In Pursuit of Perfection

Having worked with some of Britain’s best known and most successful sportspeople, such as Ronnie O’Sullivan, Dame Ellen MacArthur and Sally Gunnell OBE, I’m often asked by those looking to emulate their achievements what it is exactly that drives them. The answer I always give is that different people are of course spurred on by different things, but I think elite sportspeople fall into three basic motivational categories.

Some are driven by the fear of losing and some see victory as the only game in town, but there is another group that fascinates me – those who just love what they do and simply want to master their discipline. This group is chock full with the real cream of the crop, the kind of people who possess the emotional intelligence to detach themselves from the meaning the rest of us attach to winning and losing.

What they’re chasing is something altogether more transcendental, its meaning rooted in the experience itself.

Success is temporary in sport – as soon as it visits you, it disappears and, if attaining it is your motivation, you’re back at square one before you know it and having to prepare to go after it all over again. But for those who primarily pursue mastery, success and adulation, not to mention the financial rewards they bestow, are little more than a handy by-product.

For Michael Jordan, his best game was of little significance to anyone not directly involved. It was a practice match after which his opponent that day, Magic Johnson no less, told him he had assumed the mantle of the main man in basketball. For all his preening, do we really think Cristiano Ronaldo, or Leo Messi for that matter, got where they are without a deep love for football and a burning desire to master it?

The practice of Zen archery is one of the world’s oldest sports but its purpose differs from almost all of the rest. The primary aim is not to hit the target but to achieve an emptying of the mind before, during and after the release of the arrow. This state of serenity and calm was dubbed ‘mu’ by the Japanese horsemen who trained their minds and bodies to become one.

In the 21st century, we commonly refer to it as ‘the zone’, a quasi-mythical place few are able to find and with no revelatory ‘X marks the spot’ on a psychologist or physiologist’s map. All we know is that we must put ourselves in a position where we allow ourselves to enter it.

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The truth is that nobody knows the full extent of their potential, in sport or in any other field. In order to get anywhere near reaching that potential, it goes without saying that we must apply ourselves to practice in the first place. And that raises the question of how far we are willing to go to find out exactly what we can deliver.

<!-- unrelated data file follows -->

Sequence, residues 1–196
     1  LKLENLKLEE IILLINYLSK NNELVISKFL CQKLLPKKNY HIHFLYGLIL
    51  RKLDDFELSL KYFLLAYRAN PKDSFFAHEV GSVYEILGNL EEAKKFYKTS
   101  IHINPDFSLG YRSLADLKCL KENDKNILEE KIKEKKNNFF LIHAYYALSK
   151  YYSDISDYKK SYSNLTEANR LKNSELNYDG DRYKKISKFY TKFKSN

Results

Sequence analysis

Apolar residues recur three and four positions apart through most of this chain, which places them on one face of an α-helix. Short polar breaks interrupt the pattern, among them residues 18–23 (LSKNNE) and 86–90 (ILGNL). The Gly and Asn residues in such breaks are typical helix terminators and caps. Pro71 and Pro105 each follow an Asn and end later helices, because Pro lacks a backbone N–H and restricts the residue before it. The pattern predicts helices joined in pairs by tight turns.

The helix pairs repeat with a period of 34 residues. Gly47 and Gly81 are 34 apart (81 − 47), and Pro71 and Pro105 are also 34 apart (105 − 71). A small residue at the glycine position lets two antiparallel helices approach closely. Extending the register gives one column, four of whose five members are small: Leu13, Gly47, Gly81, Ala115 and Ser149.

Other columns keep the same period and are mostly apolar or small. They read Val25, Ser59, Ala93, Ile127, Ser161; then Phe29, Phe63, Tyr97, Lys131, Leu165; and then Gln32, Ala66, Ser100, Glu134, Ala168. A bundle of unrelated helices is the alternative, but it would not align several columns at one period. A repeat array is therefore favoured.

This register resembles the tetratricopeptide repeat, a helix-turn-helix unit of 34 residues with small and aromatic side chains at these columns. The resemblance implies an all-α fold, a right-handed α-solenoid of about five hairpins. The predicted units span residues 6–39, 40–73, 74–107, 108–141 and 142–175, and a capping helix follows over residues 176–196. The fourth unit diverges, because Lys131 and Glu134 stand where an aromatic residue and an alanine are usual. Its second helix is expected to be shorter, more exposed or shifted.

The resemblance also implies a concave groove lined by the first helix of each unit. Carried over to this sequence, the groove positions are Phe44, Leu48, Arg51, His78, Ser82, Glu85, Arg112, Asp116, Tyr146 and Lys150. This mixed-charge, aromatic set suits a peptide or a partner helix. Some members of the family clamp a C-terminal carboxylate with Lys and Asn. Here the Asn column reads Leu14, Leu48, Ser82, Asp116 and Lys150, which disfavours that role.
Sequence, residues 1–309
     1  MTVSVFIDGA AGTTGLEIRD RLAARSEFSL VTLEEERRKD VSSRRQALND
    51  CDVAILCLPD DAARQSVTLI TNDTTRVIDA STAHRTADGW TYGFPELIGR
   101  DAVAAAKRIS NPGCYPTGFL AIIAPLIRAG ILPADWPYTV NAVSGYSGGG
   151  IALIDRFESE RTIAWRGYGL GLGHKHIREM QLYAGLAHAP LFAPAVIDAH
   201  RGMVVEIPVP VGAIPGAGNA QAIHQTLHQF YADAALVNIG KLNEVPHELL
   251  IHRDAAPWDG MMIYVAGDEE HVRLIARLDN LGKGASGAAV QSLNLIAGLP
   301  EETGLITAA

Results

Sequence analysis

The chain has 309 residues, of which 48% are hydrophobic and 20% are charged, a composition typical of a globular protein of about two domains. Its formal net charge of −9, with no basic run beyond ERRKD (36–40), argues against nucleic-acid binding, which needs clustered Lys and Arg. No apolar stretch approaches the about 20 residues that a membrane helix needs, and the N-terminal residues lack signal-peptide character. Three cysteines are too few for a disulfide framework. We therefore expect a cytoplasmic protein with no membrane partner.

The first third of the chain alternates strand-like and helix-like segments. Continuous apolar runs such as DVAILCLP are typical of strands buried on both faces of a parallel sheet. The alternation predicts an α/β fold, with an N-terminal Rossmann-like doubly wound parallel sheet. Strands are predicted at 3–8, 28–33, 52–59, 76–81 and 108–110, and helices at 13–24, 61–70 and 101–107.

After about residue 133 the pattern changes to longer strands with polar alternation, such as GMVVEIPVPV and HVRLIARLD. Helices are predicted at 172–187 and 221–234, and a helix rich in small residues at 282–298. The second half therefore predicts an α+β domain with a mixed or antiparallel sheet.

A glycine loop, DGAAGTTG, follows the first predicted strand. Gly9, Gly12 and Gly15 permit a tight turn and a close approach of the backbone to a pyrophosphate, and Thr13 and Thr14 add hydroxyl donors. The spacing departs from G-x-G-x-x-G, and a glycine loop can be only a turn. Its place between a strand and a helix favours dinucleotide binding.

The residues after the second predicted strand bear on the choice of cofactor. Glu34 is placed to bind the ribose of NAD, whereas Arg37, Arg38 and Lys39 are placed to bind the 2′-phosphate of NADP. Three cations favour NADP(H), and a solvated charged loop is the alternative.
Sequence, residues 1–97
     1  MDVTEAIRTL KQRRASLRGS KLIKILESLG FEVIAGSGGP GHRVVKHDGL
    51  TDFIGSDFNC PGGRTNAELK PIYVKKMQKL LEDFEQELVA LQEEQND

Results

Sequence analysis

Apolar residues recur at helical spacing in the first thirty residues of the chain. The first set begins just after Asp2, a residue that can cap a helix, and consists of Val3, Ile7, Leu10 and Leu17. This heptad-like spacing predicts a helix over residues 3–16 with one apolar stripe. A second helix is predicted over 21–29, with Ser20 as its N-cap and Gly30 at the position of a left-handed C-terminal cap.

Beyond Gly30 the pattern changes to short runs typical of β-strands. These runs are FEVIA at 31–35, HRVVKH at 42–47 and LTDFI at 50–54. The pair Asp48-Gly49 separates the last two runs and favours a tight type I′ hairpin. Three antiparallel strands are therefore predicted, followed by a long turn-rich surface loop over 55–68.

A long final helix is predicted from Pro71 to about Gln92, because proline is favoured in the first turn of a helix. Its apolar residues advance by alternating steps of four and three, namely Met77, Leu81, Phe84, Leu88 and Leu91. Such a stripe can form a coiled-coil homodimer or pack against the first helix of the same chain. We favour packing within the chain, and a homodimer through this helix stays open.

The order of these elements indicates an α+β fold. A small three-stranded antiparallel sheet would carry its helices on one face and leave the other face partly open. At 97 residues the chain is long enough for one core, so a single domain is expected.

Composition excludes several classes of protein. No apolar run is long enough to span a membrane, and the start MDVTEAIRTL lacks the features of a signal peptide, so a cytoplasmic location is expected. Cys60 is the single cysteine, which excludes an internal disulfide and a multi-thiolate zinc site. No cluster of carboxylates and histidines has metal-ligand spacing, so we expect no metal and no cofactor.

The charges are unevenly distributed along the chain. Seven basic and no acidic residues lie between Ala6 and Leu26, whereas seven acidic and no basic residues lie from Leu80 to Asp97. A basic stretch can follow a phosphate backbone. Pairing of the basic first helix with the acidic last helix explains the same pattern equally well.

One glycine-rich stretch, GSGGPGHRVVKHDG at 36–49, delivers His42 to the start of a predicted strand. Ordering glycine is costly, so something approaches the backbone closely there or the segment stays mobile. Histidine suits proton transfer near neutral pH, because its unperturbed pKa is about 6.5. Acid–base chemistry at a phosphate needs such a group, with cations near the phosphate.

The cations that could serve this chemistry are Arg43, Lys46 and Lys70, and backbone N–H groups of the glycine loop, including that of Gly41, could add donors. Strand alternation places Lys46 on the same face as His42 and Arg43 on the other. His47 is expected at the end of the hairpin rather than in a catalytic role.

My answer to that is to always believe we have more ‘in the basement’. Jose Mourinho is a case in point. His motivation lies in testing himself in new environments in order to improve but his readiness to move on is often criticised.

For me, however, that speaks of the realisation that progress is incremental, plus an appreciation of patience as a virtue and that losing can prove positive. In this way defeat has more use than success and, rather than sitting on our laurels, it enables us to step back and rationalise our performances.

Rory McIlroy’s meltdown at the Masters in 2011, while hard to take at the time, did him no end of favours and, having got in touch with his motivations and added fuel to his fire, he now stands at the top of golf.

In short, the elite sportspeople who get the very best from themselves are those who want to be the very best. They are the ones prepared to search the depths of their souls to find the extra resources required and they are the ones who see victory as just another part of the process.

Placing a greater emphasis on the pursuit of perfection is the key and, as perfection doesn’t really exist, there is always, always room for improvement.

Pete Cohen is the founder of Future Diamond. Future Diamond is committed to help people with a unique business opportunity as well as train and support their journey to success and financial freedom.

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In Pursuit of Perfection
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In Pursuit of Perfection
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Placing a greater emphasis on the pursuit of perfection is the key and, as perfection doesn’t really exist, there is always, always room for improvement.
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Pete Cohen is the founder of Future Diamond. Future Diamond is committed to help people with a unique business opportunity as well as train and support their journey to success and financial freedom.

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